BANGALORE (ISRO PR) — ISRO’s Polar Satellite Launch Vehicle PSLV-C38 successfully launched the 712 kg Cartosat-2 Series Satellite along with 30 co-passenger satellites today (June 23, 2017) from Satish Dhawan Space Centre SHAR, Sriharikota. This is the thirty ninth consecutively successful mission of PSLV.
BANGALORE, India (ISRO PR) — Mars Orbiter Mission (MOM), the maiden interplanetary mission of ISRO, launched on November 5, 2013 by PSLV-C25 got inserted into Martian orbit on September 24, 2014 in its first attempt. MOM completes 1000 Earth days in its orbit, today (June 19, 2017) well beyond its designed mission life of six months. 1000 Earth days corresponds to 973.24 Mars Sols (Martian Solar day) and MOM completed 388 orbits.
MOM is credited with many laurels like cost-effectiveness, short period of realisation, economical mass-budget, miniaturisation of five heterogeneous science payloads etc. Satellite is in good health and continues to work as expected. Scientific analysis of the data received from the Mars Orbiter spacecraft is in progress.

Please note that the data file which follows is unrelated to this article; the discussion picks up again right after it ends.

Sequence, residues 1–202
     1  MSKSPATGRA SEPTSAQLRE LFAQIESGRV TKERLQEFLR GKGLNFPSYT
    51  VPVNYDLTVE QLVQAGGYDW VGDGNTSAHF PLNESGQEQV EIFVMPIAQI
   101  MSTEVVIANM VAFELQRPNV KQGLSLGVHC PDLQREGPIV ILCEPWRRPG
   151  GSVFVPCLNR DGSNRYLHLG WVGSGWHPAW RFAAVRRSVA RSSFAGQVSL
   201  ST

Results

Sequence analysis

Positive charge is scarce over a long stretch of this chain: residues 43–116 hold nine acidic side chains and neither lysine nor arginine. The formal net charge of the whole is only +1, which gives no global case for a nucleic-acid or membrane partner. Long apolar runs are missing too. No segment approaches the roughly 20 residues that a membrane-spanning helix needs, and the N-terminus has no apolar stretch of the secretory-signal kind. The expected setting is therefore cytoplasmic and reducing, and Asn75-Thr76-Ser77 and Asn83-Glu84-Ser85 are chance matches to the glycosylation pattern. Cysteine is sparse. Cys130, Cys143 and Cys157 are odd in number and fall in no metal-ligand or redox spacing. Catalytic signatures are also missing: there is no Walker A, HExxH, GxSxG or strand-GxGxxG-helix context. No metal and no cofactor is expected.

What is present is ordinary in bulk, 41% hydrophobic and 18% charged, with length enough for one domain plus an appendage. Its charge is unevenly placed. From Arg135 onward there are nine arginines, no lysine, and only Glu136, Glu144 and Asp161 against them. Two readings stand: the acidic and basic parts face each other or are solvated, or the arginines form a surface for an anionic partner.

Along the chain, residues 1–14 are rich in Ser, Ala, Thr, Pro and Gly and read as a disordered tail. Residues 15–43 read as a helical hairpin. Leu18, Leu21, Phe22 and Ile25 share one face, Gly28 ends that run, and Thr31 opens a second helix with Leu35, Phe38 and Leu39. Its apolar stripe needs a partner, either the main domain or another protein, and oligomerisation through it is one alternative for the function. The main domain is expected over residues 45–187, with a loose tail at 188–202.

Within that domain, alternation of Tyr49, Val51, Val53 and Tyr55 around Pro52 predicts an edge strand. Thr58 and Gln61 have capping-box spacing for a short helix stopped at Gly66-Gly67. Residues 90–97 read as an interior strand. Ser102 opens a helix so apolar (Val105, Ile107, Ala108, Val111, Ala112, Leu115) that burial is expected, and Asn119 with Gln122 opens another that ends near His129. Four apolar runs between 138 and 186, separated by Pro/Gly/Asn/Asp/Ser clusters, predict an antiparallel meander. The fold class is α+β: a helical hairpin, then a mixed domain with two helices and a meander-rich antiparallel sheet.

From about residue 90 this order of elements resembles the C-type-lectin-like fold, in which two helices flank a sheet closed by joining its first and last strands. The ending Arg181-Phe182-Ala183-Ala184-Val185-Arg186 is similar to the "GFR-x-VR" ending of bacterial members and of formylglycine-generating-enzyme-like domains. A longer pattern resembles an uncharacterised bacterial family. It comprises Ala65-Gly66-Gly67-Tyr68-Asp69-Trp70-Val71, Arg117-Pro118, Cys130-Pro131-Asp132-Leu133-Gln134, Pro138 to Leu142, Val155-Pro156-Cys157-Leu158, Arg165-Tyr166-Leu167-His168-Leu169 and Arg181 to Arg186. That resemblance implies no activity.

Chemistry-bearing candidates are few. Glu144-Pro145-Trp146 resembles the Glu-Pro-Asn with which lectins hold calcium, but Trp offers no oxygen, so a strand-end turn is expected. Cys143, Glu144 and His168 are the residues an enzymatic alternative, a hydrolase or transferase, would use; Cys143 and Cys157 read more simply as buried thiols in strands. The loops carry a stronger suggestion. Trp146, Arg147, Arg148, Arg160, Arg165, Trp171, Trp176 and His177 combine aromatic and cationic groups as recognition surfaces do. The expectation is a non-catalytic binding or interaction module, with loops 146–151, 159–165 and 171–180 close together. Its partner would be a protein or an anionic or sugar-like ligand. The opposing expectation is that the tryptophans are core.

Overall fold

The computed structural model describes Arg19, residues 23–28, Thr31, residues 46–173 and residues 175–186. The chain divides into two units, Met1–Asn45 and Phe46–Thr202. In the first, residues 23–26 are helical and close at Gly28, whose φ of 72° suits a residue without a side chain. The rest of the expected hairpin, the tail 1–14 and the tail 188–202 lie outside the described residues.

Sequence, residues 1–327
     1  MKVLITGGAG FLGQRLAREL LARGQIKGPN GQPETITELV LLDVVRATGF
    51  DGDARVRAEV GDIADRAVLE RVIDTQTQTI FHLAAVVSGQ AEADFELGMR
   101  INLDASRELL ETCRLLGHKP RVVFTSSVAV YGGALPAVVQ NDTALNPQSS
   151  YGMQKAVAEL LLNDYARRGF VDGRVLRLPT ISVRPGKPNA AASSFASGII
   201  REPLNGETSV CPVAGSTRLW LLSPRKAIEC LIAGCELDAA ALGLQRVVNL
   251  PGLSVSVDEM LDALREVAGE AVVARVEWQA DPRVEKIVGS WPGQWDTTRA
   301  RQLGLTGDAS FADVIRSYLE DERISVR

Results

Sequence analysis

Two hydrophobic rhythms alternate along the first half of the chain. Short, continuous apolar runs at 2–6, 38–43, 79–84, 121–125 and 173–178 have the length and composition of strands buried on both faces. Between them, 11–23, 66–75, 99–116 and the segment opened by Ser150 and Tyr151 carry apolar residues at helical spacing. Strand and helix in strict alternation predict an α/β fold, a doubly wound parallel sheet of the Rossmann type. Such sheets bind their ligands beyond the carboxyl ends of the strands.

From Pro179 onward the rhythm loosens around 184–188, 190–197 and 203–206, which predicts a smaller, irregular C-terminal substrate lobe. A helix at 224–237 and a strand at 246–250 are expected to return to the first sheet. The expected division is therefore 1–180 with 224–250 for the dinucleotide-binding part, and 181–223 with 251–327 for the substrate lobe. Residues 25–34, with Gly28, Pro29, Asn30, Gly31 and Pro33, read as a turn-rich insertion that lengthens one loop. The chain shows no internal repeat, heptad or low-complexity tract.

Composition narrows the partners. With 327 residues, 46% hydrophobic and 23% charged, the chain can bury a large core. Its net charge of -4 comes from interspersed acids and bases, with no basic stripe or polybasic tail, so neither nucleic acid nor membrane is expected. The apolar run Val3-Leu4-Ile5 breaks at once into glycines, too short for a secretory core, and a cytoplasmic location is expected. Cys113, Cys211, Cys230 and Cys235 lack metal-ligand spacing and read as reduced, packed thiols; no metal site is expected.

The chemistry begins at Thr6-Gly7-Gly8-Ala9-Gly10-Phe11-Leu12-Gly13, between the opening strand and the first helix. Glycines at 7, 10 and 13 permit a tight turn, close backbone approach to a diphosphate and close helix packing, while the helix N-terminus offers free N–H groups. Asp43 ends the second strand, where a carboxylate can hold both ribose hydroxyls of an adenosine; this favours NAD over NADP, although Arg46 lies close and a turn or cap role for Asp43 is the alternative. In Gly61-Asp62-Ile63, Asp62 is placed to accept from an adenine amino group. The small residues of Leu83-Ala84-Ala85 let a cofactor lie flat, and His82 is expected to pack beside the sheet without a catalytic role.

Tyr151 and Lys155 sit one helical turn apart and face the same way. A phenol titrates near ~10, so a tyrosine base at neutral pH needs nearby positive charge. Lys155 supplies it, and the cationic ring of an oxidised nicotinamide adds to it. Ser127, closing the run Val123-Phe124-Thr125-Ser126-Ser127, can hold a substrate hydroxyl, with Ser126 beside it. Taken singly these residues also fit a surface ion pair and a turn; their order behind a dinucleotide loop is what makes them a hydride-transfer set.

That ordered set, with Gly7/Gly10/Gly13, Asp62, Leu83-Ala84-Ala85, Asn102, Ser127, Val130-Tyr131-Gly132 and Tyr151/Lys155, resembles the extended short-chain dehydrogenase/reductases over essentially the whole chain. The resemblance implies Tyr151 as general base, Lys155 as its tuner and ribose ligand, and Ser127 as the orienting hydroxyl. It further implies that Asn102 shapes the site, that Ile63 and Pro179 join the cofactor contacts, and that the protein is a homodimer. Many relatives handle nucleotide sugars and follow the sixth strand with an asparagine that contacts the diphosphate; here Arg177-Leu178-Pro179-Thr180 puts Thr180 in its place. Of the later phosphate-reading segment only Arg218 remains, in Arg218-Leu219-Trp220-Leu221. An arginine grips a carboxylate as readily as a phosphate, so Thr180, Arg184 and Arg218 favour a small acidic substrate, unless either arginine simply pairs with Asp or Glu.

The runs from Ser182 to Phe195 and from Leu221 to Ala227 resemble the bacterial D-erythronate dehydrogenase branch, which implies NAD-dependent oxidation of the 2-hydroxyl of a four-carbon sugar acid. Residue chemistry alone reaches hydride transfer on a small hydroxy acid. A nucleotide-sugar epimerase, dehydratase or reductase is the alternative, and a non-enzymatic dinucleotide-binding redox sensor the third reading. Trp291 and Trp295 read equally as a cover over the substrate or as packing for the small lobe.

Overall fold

Arianespace will launch the ViaSat 2 and Eutelsat 172B communications satellites.
Monday, June 5
GSLV Mk.3 Satish Dhawan Space Center, Sriharikota, India Launch Time: 1208 GMT (8:08 a.m. EDT)
ISRO has placed the GSAT 19E experimental communications satellite aboard the first orbital flight test of the nation’s largest booster. The space agency conducted a suborbital test of the GSLV Mk. 3 in December 2014. The new rocket is capable of placing 8 metric tons into low Earth orbit and 4 metric tons to geosynchronous transfer orbit.
India’s Central Bureau of Investigation said this week it is moving ahead with plans to prosecute former ISRO chairman G Madhavan Nair and seven others over a satellite transponder leasing deal signed in 2005 between Devas Multimedia and ISRO’s commercial arm, Antrix Corporation.